From the moment she was informed that her baby would be born 9 weeks early, this mom had quite a journey.
When my husband Hein and I decided to start a family, I read everything there possibly is about what can go wrong during a pregnancy. I thought that to know about every condition that a baby might develop will prepare me mentally for it, but I never expected this.
On the 24th of April I had, what I thought was a regular check-up, at my gynaecologist.
The doctor discovered nine weeks before this that my baby, Heinrich, was underweight
and suggested that I see him regularly so that he can monitor Heinrich’s weight. He was a bit baffled by the situation as I am not a smoker (never was) and drank only socially before my pregnancy.
I was 31 weeks pregnant and had been feeling Heinrich’s kicks for some time, but that week he was very quiet.
The moment we sat down in the doctor's office, he told me that I would not be able to have a natural birth, as Heinrich is too small. We then went to the sonar room and he rocked my world when he told me that I must immediately go to the clinic as he must deliver my baby.
Hein gave my hand a little squeeze and I had to swallow my tears. I had to lay in the maternity ward for about 30 minutes with a heart monitor on my belly so that the doctor could have a better idea of Heinrich’s heartbeat. The doctor told me that I must immediately be admitted and put on a cortisone drip and on oxygen.
I was crying when we left his rooms. At that moment, I was just praying that my son would be okay.
The admittance was another thing. The Neonatal ICU did not have another incubator
with a ventilator for Heinrich's birth the next morning. There was a small possibility of an incubator at a clinic in Potchefstroom. The Lord answered our prayers when they came back with the news that somebody pulled some strings and that they would get an extra incubator with a ventilator from somewhere.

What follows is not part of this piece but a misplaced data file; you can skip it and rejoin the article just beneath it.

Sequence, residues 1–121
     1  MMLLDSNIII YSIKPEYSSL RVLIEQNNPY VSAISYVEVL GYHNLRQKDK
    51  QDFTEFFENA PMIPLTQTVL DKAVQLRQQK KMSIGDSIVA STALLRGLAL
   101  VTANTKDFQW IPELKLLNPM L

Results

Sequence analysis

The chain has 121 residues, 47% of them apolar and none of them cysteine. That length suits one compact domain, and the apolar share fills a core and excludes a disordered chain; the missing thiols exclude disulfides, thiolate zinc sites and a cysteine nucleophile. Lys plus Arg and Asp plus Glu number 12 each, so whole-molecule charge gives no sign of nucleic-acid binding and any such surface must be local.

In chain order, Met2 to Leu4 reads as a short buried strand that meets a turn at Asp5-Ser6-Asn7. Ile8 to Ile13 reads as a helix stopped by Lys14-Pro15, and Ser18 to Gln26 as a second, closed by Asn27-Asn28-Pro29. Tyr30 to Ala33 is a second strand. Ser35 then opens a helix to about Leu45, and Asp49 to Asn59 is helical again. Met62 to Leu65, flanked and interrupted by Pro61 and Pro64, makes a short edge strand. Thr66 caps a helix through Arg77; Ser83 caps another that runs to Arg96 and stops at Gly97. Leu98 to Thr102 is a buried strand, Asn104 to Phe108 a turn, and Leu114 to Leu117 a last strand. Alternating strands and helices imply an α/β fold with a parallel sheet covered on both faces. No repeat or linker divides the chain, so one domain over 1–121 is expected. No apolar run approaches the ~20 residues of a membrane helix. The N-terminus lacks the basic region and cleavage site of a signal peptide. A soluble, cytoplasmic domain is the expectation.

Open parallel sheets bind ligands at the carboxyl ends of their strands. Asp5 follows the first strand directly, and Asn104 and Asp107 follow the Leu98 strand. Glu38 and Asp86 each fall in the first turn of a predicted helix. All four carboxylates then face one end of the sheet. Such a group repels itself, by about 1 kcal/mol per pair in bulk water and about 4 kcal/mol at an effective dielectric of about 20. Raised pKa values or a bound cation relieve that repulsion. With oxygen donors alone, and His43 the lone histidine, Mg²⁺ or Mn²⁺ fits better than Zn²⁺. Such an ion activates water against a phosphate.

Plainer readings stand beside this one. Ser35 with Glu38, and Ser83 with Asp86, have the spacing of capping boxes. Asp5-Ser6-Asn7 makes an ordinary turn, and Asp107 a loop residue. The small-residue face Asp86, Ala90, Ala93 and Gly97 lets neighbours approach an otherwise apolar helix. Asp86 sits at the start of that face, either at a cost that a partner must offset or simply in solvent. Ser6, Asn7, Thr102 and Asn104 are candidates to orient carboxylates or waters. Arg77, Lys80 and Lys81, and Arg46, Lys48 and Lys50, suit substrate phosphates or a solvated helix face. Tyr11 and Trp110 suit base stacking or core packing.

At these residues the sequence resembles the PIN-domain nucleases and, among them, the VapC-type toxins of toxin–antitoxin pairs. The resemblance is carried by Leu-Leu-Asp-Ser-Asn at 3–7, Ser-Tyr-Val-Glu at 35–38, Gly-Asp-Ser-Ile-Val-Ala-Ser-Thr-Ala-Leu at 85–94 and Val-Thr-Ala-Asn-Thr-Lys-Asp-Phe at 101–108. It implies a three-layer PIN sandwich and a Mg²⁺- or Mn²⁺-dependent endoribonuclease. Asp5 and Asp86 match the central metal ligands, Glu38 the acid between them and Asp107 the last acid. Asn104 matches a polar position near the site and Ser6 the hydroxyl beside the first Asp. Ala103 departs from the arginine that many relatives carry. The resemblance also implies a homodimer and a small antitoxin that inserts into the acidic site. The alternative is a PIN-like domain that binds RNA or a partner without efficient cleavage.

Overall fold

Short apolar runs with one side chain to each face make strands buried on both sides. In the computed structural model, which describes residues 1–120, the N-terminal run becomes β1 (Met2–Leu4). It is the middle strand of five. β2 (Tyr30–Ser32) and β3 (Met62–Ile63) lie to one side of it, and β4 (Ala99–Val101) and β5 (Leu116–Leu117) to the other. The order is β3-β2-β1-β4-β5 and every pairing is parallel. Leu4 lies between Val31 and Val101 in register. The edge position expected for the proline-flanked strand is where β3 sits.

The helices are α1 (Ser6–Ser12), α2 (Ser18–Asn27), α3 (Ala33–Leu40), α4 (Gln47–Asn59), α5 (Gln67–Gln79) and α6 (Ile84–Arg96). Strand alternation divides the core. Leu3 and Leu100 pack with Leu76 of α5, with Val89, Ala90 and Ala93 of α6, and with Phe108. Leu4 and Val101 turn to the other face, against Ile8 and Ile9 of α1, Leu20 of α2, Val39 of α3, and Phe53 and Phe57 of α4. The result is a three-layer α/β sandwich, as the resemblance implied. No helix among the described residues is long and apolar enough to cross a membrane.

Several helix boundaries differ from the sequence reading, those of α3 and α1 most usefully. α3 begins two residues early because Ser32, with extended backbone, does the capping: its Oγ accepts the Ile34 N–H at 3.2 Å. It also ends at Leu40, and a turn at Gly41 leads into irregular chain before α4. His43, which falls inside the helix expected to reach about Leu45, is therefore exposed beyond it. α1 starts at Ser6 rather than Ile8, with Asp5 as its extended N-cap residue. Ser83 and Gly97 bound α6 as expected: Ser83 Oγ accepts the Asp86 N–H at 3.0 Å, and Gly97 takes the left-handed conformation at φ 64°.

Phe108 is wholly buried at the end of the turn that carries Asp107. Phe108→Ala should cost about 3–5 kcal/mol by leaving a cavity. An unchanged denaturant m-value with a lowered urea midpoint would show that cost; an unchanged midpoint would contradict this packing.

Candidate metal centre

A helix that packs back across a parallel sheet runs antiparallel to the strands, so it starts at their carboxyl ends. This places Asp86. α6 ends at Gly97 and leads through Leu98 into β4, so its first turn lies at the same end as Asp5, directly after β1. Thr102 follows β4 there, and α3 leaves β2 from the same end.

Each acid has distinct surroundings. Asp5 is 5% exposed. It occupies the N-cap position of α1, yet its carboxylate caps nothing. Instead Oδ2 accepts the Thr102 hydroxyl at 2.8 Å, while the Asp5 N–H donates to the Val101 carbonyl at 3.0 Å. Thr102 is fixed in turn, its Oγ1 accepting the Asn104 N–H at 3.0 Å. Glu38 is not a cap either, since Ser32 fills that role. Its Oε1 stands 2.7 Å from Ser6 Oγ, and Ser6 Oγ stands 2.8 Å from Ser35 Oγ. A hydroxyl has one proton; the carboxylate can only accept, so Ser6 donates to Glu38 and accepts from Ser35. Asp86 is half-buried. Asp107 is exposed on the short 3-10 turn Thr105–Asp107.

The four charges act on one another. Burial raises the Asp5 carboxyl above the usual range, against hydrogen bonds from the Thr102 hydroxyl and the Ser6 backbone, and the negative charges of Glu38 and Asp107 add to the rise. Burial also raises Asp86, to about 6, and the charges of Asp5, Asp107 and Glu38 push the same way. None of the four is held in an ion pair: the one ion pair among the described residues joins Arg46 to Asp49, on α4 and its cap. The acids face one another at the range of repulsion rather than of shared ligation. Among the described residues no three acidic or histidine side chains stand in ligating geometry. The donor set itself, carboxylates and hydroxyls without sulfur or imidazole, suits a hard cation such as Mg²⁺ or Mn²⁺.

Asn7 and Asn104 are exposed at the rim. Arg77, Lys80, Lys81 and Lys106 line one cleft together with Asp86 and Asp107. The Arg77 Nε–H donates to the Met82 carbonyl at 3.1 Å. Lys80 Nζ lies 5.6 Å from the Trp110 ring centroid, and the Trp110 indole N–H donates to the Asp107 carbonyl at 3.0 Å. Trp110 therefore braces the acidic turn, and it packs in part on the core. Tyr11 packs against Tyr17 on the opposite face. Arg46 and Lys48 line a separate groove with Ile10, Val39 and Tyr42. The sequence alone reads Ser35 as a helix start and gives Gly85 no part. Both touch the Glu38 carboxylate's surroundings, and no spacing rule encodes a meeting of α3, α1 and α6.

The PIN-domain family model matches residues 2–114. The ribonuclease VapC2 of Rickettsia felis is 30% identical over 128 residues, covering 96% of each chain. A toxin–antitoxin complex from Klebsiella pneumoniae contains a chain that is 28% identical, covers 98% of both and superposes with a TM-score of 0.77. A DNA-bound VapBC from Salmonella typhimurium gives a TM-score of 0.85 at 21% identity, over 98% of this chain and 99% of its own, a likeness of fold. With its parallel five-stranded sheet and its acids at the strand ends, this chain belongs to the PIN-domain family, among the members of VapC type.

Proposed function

Around half past five, my gynaecologist came to check on the heart monitor and the sister informed him that there are some irregularities. He listened to Heinrich’s heart and then gave me another shocker - Heinrich’s heart rate is more irregular than before, he will have to do an emergency caesarean.Here's baby Hein
After I was prepared, they wheeled me into the theatre and I received the epidural while my whole body was shaking from fear. I realised Heinrich was born when Hein started photographing furiously. I waited with baited breath for Heinrich’s first scream. It was probably only seconds, but it felt like an hour.
I finally saw Heinrich when Hein came back from the NNICU and showed me my beautiful little boy on the LCD screen of the camera. I could see him for myself and touch him only the next morning. Oh, so little, weighing only 890g. Not even two bricks of butter.
He was such a fighter. They took the ventilator off after two days and after a week they took away the oxygen and he breathed by himself. He was in the NNICU for 68 days and he was on a drip and heart and oxygen monitor for most of the time.
He had to receive blood infusions a few times because his liver and pancreas were still developing, but his heart, lungs and brain were normal.
After the emergency caesarean
, my gynaecologist told us that my appointment was just in time - Heinrich would have been dead by the Monday if he was still in my tummy.
The week when he finally weighed 2kg, he was back on oxygen. It was another stressful time for us when we read that premature babies can die because of the RS virus
. Two weeks later, on day 68 of his stay at the NNICU of the Anncron Clinic, I finally got the call that the paediatrician is discharging him.
Heinrich is 17 months this week and such a joy. He gave his first steps yesterday and we both were a bit tearful – maybe because we realise what an amazing journey we had with our beautiful boy this last 17 months.
When we look at his little body (now almost 10 times his birth weight), we sometimes have to remind ourselves of how small he was and how blessed we were that everything went so well.
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